Similarly, the trademark applicant is also required to furnish evidence in support of their application to the Registrar within 2 months of the receipt of the opponent's evidence or intimation. If the applicant decides not to present any further evidence and wishes to rely on the facts already stated in their counter-statement, they must inform both the Registrar and the opponent in writing. Failure to provide this notification will lead to the application being considered abandoned.
After the submission of evidence from both parties, the opponent will be given an additional opportunity to provide any further evidence within one month of the receipt of evidence from the applicant. If any documents are in a language other than Hindi or English, they must be translated into Hindi or English and submitted to the Registrar. A copy of the translated document should also be provided to the opposing party.
After submitting all the evidence by both parties, the Registrar will issue a notice to inform them of the first date of the hearing. The hearing date will be scheduled at least one month after the date of the first notice. During the hearing, both parties will be given an equal opportunity to present their arguments and respond to the opposing party's arguments.
If any party needs to request an adjournment of the hearing with a valid reason, they can submit the form TM-M along with the prescribed fee at least 3 days before the scheduled date of the hearing. Each party can request a maximum of two adjournments, and the duration of each adjournment must not exceed 30 days.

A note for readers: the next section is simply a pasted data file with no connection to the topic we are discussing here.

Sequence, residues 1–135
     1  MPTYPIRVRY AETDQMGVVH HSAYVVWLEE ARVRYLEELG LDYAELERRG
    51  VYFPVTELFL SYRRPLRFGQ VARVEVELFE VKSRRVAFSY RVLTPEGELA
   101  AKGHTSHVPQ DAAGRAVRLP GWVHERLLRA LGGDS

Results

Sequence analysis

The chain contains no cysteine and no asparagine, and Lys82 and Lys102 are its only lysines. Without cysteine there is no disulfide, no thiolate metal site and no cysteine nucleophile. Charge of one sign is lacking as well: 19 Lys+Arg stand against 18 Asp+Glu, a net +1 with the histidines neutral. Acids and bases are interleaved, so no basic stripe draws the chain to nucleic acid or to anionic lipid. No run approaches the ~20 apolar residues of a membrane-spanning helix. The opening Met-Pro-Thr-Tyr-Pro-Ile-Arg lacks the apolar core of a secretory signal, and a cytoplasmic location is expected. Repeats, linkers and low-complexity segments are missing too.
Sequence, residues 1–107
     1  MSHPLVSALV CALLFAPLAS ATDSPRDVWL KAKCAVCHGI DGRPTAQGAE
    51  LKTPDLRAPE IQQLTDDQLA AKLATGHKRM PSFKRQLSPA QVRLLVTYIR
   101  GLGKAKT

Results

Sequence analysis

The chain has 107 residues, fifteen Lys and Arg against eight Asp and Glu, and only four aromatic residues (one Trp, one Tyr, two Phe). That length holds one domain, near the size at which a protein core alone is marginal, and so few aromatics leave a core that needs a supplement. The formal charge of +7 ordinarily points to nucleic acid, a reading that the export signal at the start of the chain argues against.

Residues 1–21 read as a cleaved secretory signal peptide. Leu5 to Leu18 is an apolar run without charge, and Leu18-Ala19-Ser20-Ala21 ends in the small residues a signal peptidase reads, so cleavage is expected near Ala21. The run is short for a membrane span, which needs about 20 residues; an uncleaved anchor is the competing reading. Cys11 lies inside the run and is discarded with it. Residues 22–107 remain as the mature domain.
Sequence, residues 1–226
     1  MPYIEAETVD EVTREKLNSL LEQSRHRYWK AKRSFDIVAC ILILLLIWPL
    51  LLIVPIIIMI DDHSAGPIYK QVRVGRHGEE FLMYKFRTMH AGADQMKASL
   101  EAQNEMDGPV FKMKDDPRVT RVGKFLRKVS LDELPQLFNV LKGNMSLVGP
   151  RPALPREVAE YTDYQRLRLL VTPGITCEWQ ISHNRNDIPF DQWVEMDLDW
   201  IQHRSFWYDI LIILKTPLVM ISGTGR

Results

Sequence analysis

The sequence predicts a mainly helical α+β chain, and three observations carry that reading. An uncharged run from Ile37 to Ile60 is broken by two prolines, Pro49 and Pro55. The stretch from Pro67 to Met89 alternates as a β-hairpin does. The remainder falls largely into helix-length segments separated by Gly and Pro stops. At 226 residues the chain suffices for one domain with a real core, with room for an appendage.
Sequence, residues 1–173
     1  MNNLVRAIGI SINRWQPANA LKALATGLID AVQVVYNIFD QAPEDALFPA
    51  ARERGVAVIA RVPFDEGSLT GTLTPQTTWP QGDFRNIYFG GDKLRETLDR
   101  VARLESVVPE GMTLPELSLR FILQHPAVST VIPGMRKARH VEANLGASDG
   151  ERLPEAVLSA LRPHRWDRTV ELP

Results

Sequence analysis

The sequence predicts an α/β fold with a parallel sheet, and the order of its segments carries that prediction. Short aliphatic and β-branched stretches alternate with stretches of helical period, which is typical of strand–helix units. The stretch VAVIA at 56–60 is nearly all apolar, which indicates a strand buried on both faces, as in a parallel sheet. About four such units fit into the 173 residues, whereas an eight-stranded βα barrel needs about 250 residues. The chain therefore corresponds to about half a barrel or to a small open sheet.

Any party who is involved in the hearing can request a postponement by filling in Form TM-M and paying a fee of Rs. 900. If the reason provided for the adjournment is deemed acceptable by the Registrar, the hearing will be rescheduled to the next available date.
Upon examining all the written arguments, if provided by any party, and after conducting a hearing with both parties, the Registrar will convey their decision in writing to all involved parties. In case any of the parties is absent on the adjourned hearing date at the specified time, and then their application or opposition will get abandoned. In such a case, the Registrar will proceed with the matter accordingly.
The opposition process serves as a critical mechanism to ascertain the eligibility of a trademark for registration. By considering all relevant factors, it ensures that only valid trademarks, free from potential conflicts with existing rights, are ultimately granted registration. This process safeguards the interests of both the applicant and the opposing parties, maintaining the integrity and fairness of the trademark registration system.
Yes, anyone can file a trademark opposition, but it is more common for trademark owners with similar marks to initiate opposition proceedings.
If the opposition is filed after three months but before the expiration of the fourth month from the trademark's publication in the trademark journal, it must be accompanied by a request for an extension.
The opposition notice can be filed within three months from the date of the trademark's publication in the trademark journal. It can be extended by one month.